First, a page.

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Pressure is a privilege, admits Serena Williams

One of the highlights of the Mubadala World Tennis Championship (MWTC), which kicks off Thursday, December 27, will be Serena Williams playing against her sister, Venus Williams, in an exhibition match. Serena played French Open Champion Jelena Ostapenko at the event last year, which was the first time the tournament introduced women’s tennis to the line-up.


Ahead of the match, Serena Williams speaks to The National about the evolving role of women in the field, her eponymous fashion label and facing her sister on court.

How do you balance on-court rivalry with your sister Venus, and still maintain a normal sibling relationship?

It is never easy playing your best friend … she really knows my game inside out, and has been so successful over me so many times. She is my role model, sister and best friend all rolled up in one, but as I’ve said before, she really brings out the best in me.

What drives you at this point in your career and how do you handle the pressure that comes with being a top-class athlete?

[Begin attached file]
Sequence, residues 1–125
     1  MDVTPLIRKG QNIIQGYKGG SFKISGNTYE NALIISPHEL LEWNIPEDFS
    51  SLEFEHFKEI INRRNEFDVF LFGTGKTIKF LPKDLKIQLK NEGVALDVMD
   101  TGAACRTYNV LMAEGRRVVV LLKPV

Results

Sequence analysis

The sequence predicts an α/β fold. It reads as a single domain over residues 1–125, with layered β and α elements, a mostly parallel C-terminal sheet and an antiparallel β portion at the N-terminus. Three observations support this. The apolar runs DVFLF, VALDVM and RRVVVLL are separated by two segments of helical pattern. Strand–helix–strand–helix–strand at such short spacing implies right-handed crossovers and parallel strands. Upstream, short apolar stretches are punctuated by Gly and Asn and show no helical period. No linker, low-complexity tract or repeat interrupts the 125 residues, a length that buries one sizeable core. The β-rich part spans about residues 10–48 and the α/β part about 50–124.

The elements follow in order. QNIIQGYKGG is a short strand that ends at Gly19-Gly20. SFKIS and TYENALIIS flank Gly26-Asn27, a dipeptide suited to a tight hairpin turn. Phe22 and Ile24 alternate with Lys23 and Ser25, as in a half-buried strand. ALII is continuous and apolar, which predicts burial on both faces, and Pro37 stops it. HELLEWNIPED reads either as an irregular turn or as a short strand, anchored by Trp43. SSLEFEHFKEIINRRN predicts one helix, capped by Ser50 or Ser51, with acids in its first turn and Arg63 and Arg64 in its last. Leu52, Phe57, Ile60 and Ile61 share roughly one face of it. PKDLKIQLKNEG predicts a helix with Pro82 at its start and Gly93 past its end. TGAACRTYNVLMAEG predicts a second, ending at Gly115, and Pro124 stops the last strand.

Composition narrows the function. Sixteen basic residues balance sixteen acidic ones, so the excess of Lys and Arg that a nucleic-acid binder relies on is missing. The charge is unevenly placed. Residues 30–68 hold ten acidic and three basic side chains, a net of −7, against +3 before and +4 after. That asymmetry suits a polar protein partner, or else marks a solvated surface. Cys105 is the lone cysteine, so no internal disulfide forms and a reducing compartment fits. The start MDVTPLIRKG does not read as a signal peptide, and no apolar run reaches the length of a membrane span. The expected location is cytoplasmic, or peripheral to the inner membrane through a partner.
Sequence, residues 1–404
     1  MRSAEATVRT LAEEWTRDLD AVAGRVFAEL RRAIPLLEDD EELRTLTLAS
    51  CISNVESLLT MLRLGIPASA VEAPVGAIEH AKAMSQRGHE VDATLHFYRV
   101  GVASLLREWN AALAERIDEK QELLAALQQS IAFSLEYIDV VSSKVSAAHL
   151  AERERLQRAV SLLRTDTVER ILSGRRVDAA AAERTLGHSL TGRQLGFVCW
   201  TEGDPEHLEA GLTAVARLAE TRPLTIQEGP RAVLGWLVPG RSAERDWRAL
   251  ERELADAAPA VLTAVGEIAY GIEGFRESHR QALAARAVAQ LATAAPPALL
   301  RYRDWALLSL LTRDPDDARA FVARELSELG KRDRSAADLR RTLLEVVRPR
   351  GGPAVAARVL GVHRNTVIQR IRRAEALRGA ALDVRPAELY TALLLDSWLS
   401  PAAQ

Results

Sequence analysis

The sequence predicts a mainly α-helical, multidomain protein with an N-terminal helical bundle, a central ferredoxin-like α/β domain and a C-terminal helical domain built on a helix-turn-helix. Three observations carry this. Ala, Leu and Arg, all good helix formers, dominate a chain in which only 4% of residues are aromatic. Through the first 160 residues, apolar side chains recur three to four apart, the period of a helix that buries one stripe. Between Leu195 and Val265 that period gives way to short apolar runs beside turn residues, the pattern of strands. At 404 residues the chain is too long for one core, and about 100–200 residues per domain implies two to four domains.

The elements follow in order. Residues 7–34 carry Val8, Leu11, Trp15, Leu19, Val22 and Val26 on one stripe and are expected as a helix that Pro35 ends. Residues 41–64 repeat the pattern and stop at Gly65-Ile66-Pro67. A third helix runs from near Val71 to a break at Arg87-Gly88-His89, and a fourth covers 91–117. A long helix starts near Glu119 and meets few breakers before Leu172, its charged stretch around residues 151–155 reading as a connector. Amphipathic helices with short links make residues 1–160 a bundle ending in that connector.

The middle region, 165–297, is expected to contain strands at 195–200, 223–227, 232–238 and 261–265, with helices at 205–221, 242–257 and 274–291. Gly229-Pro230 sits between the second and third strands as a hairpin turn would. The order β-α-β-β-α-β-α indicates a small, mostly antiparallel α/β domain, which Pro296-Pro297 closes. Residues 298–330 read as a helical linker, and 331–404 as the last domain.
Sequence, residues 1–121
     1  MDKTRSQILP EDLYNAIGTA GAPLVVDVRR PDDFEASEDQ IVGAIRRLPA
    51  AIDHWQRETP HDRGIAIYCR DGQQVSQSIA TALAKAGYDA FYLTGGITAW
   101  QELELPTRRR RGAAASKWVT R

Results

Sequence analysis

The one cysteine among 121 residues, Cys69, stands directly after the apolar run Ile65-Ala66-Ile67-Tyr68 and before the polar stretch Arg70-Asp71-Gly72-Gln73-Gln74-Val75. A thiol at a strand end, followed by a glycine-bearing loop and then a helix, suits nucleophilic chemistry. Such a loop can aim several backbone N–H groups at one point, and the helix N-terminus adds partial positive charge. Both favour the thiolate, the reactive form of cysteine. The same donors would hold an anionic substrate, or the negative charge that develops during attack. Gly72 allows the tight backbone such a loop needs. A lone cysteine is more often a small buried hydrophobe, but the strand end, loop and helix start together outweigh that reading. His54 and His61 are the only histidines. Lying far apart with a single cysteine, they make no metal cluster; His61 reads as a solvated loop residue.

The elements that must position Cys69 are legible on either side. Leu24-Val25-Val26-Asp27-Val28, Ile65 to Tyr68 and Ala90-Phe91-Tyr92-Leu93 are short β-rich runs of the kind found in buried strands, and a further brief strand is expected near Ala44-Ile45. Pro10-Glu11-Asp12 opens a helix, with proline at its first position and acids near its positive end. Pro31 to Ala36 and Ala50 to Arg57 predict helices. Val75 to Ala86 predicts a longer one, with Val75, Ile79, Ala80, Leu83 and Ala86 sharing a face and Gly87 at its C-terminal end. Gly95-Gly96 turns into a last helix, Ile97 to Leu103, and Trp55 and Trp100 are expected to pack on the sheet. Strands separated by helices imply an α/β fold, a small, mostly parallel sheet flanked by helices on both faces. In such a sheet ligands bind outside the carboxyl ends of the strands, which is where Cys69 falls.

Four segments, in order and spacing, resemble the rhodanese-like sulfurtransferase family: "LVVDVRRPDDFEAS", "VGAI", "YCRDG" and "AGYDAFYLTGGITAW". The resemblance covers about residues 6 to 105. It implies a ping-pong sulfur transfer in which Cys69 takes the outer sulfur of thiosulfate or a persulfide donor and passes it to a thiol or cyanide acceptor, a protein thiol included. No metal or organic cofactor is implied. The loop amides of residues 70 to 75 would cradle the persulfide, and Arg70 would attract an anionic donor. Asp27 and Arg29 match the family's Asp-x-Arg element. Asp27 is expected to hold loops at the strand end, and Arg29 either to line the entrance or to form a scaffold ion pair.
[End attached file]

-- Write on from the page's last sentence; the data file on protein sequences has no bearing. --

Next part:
There is always a goal. It is not about setting goals to beat; it’s just about, for me, doing something that I completely love. That is what keeps me motivated. Pressure is never easy. But I have learnt that it is a privilege, and I would much rather have the pressure that comes along with the privilege than not have any pressure at all.

The WTA has announced that it will offer greater rankings protection to mothers returning to the tour. Having been unseeded for some events, what are your thoughts on this ruling?

It is amazing to know that by speaking out I can use my voice to help others. I am so happy that the WTA created this new rule. Women should be able to have families and still work, not only in tennis but everywhere.

Is there greater equality in the sport since you started playing?

Of course. Time changes all things. There is still a way to go, but so many pioneers before me have been able to make a lot of changes and pave the way for players like me.

You have a new line of clothes, Serena Williams. Is inclusivity a key part of that? What kind of women are you making clothes for?

Being inclusive is always at the forefront of my mind when I’m designing. We started the line offering xs-xl sizes, and now I’m excited to share that we offer sizes xs-3xl. It’s important to me to be able to represent all sizes, shapes, colours and backgrounds in my designs.

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